The disastrous demise of Canadian cryptocurrency exchange QuadrigaCX has been well covered to date, including:
- the mysterious, sudden death of founder Gerald Cotten in India in early December 2018.
- the criminal past of Quadriga co-founder Michael Patryn.
- the alleged $190 million USD “loss” of client funds locked in crypto hardware wallets the exchange claims only Cotten had access to.
- the mistaken transfer by the exchange of an additional $370 000 USD to Cotten’s locked crypto wallets after his death.
Now, Market Watch has spoken to an investor who says he sent more than $100 000 CAD to QuadrigaCX only hours before the exchange shut down for good.
Quadriga didn’t notify the public of the CEO’s death for almost a month, and continued to host trades and accept client deposits for an additional 5 weeks- even though they must have known quite early on that there was a problem with exchange funds.
Toronto crypto trader Bill Tsao said he “took an interest” in Bitcoin in the spring of 2017 when it was trading at $4000 CAD and eventually bought in at around $8000 CAD.
Shortly thereafter, in December 2017, the price of Bitcoin peaked briefly at around $25 000 CAD. But like many others who took positions during Bitcoin’s exuberance phase, Tsao says he’s now down “millions.”
Still, Tsao says funds vanishing on Quadriga has been the hardest to take.
Prior to collapse, Quadriga CX was known among traders for having better sell prices than rival exchanges.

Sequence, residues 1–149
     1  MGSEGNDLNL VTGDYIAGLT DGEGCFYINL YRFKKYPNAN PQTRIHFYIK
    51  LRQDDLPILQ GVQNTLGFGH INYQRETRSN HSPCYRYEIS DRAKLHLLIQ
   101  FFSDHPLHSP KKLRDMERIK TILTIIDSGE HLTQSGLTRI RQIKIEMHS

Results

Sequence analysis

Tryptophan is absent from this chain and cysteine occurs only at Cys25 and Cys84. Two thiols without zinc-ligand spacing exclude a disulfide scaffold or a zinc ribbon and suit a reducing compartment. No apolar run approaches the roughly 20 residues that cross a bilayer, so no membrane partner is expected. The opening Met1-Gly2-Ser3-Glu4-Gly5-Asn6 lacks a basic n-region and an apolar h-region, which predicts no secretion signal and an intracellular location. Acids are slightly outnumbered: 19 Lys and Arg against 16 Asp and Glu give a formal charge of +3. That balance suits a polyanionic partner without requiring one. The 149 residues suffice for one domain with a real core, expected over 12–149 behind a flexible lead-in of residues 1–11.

In 2017, one Toronto crypto trader who frequented crypto Meet Ups in the city was fond of advising others to, “Buy on Kraken, sell on Quadriga.”
Few average traders, including Tsao, appear to have considered that higher sell prices on Quadriga might indicate the exchange was having liquidity problems.
According to Kraken CEO Jesse Powell, this may have been the case for much of the time Quadriga was operating.
“All I wanted was the best price,” Tsao told Market Watch. “I felt so stupid not really looking into the site further before I [did] that.”
Tsao said he cashed out because he needed money for his mortgage and personal items:
“I needed the cash so I just looked for the best price and thought this is the best place to sell…It was just over one hundred thousand dollars ($74,800 U.S. dollars) to pay down some mortgage and cover some other personal items.”
Tsao says he sold his Bitcoins at about 2 AM EST on January 28th, just a few hours before the Quadriga website was permanently taken down for “an upgrade.”
Also in late January 2018, Gerald Cotten’s wife, Jennifer Robertson, filed for creditor protection.
On March 5th, a Halifax judge extended the Quadriga’s period of creditor protection until late April.